This little deception works with almost any annual where you want to keep the plant alive. Coleus, for instance. Who grows coleus for the flowers? Nobody, really. They're not terribly attractive. All you want is the gloriously colorful leaves. See flowers? Pinch them off!

Of course, lots of herbs aren't annuals, and for them, flower production means that the plant might go through a period where leaves will be secondary. Some of the most popular herbs, like marjoram, rosemary and sage, they create flowers and leaves with no problem. If you pinch off flowers, then you'll have consistent herb production, but it's not going to be a cataclysm if the plant throws out a few seeds. And the fact is - you probably don't have nearly enough light inside for there to be a bumper crop of flowers. That's a big reason that I've only been talking about the leafy crops. To get most herb flowers, like borage or dill, for instance, or fruiting vegetables like peppers and squash, you'd need a lot more light than most window gardens, even if it's a sunny window, could provide.

Personally, I would just love to have a warm, really sunny atrium in my house - I'd be growing different colors of cherry tomatoes in hanging pots ten months a year (not July and August). Sadly, I don't, but if you do, think about trying any miniature fruiting vegetable that grows on vines, like miniature melons. But if not, find seeds for your favorite legal herb and get growing.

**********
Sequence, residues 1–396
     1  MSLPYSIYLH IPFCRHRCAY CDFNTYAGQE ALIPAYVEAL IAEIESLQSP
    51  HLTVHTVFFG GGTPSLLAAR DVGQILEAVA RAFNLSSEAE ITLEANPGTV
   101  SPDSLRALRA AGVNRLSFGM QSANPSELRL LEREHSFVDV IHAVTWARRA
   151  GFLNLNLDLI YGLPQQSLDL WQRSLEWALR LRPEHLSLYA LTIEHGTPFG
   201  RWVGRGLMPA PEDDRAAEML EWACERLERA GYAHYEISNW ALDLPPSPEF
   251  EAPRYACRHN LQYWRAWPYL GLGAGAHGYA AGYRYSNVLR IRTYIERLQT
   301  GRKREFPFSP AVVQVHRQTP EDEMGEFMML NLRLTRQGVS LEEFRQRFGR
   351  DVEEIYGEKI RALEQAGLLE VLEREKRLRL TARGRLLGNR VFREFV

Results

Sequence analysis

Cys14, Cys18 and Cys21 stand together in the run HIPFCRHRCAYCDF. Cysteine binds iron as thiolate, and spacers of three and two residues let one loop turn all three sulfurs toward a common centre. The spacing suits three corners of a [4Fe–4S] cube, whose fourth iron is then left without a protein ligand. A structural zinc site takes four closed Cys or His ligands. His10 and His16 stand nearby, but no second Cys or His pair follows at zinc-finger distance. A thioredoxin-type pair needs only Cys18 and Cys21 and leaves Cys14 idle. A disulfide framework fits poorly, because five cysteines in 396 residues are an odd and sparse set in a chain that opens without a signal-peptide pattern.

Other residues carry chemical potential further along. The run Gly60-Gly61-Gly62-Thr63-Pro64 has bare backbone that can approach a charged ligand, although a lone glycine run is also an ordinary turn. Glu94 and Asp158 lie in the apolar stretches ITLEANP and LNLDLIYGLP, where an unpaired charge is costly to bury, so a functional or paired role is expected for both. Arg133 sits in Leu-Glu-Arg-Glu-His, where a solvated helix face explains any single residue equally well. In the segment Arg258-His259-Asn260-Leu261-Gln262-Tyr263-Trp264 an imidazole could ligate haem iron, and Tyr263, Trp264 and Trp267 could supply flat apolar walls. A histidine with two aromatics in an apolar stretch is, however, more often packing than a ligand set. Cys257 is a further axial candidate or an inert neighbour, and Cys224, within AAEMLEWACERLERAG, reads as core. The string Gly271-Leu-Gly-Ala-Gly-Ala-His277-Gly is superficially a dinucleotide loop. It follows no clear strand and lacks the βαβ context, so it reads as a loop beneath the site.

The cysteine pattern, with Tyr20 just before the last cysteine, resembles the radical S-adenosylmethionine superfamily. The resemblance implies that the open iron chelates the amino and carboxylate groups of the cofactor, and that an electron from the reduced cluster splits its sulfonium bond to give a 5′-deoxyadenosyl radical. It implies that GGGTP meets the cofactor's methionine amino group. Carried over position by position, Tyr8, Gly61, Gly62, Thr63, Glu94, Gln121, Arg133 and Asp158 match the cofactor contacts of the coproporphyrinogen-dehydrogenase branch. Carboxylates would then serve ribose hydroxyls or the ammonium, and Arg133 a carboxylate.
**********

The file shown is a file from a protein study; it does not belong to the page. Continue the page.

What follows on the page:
For KNPR's Desert Bloom, this is Dr. Angela O'Callaghan of the University of Nevada Cooperative Extension.

See discussion rules.

Archives

NormSep 15, 2014 | Desert Heat
Norm describes a significant casualty of the desert heat. There's going to be a big gap in Norm's Yard and a lesson on the reality of our desert landscape.

AngelaAug 12, 2014 | Organic Pesticides
Choosing a method for ridding your garden of an unwanted guest, be it bug or weed, is not always a simple choice. But the more you know, the better it goes. Here's Angela O'Callaghan

NormJul 28, 2014 | Lose that Lawn
We know, it's a desert out there including every place there's a lawn. Norm Schilling reminds us all the ways he wants you to consider losing the lawn... permanently.

AngelaJul 14, 2014 | Protect Fruit Trees from Birds
If you put a good deal of care into growing fruit trees, there are likely some birds who will take advantage of your effort. Here's Angela O'Callaghan.

NormJul 10, 2014 | Palm Care, Part 2
To keep, or not to keep. Norm Schilling ponders his palm trees, on this edition of Desert Bloom.

NormJun 10, 2014 | Palm Care
Norm Schilling has mixed feelings about how we use Palms in our yards. Full grown palm trees transplanted into the entry way of a mall is a common sight that tells Southern Nevadan's "something" is nearly open for business. He reminds us that those palms come with challenges.

AngelaJun 3, 2014 | Hot Weather Plants
As temperatures across the Valley begin to climb, you might be wondering what will survive in your garden in the months ahead and what probably won't. There are some 'sweet' options. Here's Angela O'Callaghan

NormMay 20, 2014 | Desert Color